Like hundreds of thousands of care staff across the country, I do my job well. Better than well. As with so many of my colleagues, I am always going beyond the call of duty, often in ways that no one would ever know. Covert filming might get me the credit for all those little acts of kindness that no one saw. What hurts more than the filming itself is the cynical assumption that I needed filming.
None of this will come as any great surprise. Following on from the scandals of Mid-Staffs, Morecambe Bay, Winterbourne View and others, the public are now largely conditioned to hearing about problems in health and social care services. There arguably remain more good news stories than bad ones, but of course the gravity of bad news travels far further.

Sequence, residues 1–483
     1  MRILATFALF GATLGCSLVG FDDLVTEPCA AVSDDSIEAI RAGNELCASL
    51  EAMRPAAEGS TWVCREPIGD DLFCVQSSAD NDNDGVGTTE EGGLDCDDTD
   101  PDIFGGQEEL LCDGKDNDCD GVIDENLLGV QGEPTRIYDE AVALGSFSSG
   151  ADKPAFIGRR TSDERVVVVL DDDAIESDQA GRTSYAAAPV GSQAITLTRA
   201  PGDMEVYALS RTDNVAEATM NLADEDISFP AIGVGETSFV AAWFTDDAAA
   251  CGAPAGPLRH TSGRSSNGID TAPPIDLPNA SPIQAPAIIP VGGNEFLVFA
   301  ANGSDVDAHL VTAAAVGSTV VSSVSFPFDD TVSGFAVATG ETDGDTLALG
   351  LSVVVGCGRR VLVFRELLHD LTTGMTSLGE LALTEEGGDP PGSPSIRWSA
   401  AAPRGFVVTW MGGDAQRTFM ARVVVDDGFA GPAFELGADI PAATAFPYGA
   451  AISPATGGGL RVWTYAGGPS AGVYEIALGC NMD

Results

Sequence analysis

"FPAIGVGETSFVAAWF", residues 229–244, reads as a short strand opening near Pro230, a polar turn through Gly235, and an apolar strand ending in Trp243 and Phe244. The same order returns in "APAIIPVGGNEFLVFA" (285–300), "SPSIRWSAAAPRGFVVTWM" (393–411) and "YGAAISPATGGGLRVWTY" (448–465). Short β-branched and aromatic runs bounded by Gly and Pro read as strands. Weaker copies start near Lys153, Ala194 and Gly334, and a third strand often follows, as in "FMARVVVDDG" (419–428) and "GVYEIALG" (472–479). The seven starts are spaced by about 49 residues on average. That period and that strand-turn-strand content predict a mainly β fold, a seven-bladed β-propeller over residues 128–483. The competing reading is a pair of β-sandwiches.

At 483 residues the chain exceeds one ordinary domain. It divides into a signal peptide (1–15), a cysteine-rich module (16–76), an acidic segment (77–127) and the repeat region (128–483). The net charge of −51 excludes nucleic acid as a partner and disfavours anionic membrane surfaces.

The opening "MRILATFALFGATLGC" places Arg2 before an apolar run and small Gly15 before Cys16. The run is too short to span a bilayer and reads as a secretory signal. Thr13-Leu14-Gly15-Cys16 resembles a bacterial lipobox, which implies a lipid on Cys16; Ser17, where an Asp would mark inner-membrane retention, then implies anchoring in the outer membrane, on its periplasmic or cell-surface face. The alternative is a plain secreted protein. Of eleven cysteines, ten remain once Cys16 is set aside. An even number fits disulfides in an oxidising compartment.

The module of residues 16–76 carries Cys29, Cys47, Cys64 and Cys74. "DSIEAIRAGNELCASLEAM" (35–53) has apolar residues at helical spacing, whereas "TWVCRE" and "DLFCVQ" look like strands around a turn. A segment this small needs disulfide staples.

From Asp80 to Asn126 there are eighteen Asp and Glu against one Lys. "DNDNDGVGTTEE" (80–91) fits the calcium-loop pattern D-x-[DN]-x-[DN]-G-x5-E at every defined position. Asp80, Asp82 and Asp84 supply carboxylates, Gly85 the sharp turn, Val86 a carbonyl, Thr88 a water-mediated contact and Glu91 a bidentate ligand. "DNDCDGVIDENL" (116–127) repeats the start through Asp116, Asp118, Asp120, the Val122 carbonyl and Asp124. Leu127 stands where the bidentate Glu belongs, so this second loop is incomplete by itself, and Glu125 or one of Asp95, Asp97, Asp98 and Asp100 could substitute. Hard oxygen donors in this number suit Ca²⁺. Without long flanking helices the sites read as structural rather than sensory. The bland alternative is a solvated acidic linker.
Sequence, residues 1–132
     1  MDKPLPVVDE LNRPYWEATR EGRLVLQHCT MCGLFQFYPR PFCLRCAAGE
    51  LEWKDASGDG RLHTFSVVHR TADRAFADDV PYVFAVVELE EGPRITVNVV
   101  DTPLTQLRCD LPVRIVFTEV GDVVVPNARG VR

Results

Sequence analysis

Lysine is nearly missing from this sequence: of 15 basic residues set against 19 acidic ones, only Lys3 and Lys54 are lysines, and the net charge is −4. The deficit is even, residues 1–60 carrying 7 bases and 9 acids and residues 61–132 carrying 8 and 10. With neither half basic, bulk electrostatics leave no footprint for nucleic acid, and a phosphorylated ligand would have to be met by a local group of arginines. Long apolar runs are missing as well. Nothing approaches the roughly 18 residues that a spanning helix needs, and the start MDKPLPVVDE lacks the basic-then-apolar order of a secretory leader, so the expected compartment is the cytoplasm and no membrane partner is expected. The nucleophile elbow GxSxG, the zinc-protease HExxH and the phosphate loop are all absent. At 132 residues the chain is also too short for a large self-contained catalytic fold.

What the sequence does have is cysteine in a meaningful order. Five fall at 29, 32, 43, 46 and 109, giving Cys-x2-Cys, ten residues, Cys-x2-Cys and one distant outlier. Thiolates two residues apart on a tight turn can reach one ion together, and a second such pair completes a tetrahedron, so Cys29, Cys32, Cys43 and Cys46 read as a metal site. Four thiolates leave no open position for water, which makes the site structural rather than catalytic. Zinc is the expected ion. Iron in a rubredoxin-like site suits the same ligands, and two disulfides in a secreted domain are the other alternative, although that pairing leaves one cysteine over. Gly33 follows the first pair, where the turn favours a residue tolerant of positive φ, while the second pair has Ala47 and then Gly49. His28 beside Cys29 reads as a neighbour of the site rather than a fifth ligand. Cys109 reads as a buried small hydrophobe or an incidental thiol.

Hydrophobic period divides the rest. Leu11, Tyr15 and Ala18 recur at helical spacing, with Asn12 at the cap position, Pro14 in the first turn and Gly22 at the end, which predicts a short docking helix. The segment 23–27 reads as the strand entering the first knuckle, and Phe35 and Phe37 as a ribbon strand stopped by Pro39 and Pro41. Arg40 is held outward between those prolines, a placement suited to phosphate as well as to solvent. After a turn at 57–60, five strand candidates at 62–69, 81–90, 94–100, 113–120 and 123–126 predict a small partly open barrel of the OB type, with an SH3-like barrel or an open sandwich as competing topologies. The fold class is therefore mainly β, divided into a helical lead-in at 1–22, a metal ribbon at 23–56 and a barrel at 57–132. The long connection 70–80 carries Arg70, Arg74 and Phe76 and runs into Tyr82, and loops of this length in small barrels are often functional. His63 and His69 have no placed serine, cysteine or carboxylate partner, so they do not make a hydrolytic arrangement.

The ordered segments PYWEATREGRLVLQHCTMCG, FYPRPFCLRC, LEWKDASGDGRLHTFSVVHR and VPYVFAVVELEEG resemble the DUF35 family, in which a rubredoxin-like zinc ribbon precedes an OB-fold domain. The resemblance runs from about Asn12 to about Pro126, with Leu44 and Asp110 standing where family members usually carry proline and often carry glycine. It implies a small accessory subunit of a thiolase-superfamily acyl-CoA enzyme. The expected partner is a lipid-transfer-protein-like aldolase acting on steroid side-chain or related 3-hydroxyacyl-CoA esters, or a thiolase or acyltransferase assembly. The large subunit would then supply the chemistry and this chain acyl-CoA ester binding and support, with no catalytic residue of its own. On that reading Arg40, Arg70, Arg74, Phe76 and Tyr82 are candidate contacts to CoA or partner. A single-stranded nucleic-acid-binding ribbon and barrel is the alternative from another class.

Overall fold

It has been reported that Jeremy Hunt will today say that the names of the doctor and nurse "ultimately responsible" for a patient should be placed above every hospital bed in Britain. We detect an attempt to shift blame away from the NHS leadership and higher regulatory bodies, towards doctors and nurses struggling at the coal face often under impossible conditions.